A Government Ruling has recently amended the list of high value-added activities that are relevant for the non-habitual tax resident regime.
This amendment will enter into force on 1 January 2020 and aims to strengthen the bid for highly skilled labor force.
The non-habitual tax resident regime will remain as a powerful argument when hiring directors, engineers and other experts in the computer science field, that are not based in Portugal.
The Government Ruling published on 23 July 2019 amended the list of high value-added activities eligible for the 20% Personal Income Tax flat rate applicable to income derived from employment and/or business and professional activities, received by non-habitual tax resident (“NHR”) individuals.
Bearing in mind that this regime was introduced in 2009 and that the high value-added activities list was published in 2010, the Government considered that this activities list urged to be updated and adapted to the current economic circumstances. In any case, this amendment should be interpreted as a clear sign to the economic agents that Portugal recognizes the NHR regime as a relevant instrument to attract investment and talent.
In this context, the Government performed an extensive revision of the high value-added activities list, aiming to focus its scope in activities deemed as relevant for the Portuguese economy.
Therefore, the new high value-added activities list has excluded from its scope some professionals, including, among others, psychologists, architects, auditors and tax advisors.
However, the new list’s scope became more comprehensive (or at least clearer) regarding activities that could already be covered by this regime (professionals acting as managing/executive directors, as well as administrative and commercial services directors).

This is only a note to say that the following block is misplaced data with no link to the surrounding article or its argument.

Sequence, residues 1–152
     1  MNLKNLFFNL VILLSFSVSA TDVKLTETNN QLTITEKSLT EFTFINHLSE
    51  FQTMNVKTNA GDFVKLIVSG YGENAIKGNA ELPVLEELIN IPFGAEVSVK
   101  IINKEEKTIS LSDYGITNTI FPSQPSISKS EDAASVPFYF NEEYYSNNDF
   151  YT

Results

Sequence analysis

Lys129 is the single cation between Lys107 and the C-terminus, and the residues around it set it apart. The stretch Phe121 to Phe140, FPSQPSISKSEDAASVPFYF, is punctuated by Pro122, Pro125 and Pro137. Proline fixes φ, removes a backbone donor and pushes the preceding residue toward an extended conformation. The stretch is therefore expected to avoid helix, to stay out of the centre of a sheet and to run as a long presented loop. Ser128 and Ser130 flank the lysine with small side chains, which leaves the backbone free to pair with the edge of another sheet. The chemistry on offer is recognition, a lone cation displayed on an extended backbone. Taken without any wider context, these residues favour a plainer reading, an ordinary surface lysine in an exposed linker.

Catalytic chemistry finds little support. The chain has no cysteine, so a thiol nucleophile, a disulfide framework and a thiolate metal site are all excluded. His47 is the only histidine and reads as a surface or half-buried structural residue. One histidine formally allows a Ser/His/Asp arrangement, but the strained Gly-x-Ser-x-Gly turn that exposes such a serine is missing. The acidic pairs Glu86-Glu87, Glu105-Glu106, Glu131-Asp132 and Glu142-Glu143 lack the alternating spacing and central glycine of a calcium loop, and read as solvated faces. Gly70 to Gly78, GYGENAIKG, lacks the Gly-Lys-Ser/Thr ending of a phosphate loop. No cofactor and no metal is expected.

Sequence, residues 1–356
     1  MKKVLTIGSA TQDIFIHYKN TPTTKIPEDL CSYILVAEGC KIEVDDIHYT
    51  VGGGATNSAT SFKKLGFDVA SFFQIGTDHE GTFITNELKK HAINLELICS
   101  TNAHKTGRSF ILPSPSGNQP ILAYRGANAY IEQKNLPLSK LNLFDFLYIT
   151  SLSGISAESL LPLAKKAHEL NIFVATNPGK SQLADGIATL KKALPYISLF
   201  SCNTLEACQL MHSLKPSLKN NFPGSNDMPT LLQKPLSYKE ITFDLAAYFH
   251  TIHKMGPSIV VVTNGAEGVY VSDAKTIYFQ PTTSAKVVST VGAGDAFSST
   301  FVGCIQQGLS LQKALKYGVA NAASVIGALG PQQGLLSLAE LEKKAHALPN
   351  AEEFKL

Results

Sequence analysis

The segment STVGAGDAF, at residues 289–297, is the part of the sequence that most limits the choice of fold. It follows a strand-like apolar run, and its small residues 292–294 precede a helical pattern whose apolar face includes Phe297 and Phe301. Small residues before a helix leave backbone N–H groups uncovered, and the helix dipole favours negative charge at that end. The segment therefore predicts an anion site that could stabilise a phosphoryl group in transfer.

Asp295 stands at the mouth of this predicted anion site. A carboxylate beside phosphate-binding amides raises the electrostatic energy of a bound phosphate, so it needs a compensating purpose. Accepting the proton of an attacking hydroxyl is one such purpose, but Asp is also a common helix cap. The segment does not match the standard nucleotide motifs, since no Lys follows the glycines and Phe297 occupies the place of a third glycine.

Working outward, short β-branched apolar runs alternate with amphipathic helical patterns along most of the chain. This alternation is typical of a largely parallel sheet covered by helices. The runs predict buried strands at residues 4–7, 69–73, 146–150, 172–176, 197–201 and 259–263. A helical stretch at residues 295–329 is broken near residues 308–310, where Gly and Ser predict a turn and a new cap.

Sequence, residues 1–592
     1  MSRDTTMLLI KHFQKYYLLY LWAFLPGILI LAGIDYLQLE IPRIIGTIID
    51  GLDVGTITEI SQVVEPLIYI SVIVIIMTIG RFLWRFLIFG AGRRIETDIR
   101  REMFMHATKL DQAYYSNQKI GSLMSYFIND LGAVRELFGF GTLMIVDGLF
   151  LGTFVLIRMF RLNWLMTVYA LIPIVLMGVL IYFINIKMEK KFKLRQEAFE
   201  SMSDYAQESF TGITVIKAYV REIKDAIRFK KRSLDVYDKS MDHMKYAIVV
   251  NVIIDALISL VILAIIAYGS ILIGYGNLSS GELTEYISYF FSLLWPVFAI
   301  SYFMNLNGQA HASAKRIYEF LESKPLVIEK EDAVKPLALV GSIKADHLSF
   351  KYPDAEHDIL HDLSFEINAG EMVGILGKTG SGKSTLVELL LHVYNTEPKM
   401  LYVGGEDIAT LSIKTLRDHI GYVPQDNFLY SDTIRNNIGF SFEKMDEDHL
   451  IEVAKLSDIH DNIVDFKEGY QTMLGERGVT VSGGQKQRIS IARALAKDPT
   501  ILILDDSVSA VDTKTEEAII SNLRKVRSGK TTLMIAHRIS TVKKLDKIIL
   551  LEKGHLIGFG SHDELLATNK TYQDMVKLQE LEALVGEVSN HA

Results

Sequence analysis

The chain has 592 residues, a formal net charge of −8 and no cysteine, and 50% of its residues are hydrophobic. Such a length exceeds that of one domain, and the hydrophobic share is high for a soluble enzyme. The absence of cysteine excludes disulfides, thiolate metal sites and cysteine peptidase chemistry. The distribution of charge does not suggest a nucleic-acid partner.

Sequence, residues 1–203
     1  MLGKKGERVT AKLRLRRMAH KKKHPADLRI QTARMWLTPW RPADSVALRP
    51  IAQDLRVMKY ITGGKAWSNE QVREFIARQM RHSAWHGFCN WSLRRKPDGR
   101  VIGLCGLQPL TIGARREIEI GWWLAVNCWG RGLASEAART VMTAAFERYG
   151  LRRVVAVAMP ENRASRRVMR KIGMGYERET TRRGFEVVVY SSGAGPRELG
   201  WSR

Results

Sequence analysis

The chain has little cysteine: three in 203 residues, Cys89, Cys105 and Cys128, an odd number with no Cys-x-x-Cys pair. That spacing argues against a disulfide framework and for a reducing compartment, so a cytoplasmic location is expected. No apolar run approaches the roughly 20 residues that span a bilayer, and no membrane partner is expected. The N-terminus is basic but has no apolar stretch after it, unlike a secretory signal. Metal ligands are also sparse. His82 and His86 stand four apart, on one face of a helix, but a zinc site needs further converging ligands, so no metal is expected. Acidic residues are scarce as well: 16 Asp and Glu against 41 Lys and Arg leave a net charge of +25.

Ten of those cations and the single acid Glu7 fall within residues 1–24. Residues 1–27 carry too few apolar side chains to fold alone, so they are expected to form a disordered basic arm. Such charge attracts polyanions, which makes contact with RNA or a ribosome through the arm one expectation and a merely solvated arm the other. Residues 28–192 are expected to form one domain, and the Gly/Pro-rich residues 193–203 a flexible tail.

In contrast, the new high value-added activities list added those related to the agriculture, livestock, construction and manufacturing industries.
The new list is based on the Portuguese Classification of Professions, which is less ambiguous than the previous methodology.
It should be also highlighted that the Government Ruling introduced a new requirement to the NHR regime: professional qualification or professional experience.
Thus, under the new activities’ list, a NHR that develops a high value-added activity may be required to: (a) hold, at least, level 4 of qualification of the European Qualifications Framework; (b) hold, at least, level 35 of the International Classification Type of Education; or (c) have five years of professional experience.
Notwithstanding, this new requirement will not prevent or impact in the application for this regime by individuals settling in Portugal that mainly obtain passive income (e.g. pension income), since this requirement is only applicable to NHR that perform a high value-added activity.
This amendment will enter into force on 1 January 2020, without detriment to the situations foreseen in the transitional regime.
According to the transitional regime, the new list of high value-added activities will not be applicable to individuals that: (a) were registered as NHR until 1 January 2020, even if their statute is suspended; (b) have already requested the NHR statute, even if the respective registry is pending, and/or the ones that should request their registration as NHR until 31 March 2020, by reference to the year 2019. However, the new list may be applicable – upon their request – to NHR excluded from its scope.
In light of the above-mentioned amendment, companies based in Portugal with a strong demand for developers, software engineers and other experts in the computer science field, will continue (indirectly benefiting and) promoting the non-habitual tax resident regime to its (potential) employees.
The same is true for multinational companies that have international mobility schemes put in place for its management and directors.
Despite of this amendment, one cannot say that the stability and legal certainty of this tax regime in endangered, since its main characteristics, as well as target beneficiaries, remain intact.
Considering that the main goal of this amendment is to clarify the scope of this tax regime, we understand that it should be particularly well received both by individuals and businesses.
However, we believe that this regime should be reviewed in the near future, in order to soften deadlines, speed up and standardize the tax authorities’ procedures.
In a nutshell, the NHR regime remains as a “must-have” for expatriates that may consider Portugal as a destiny to live and work.
António Brochado Teixeira, Tax Associate at pbbr. He can be reached at email@example.com.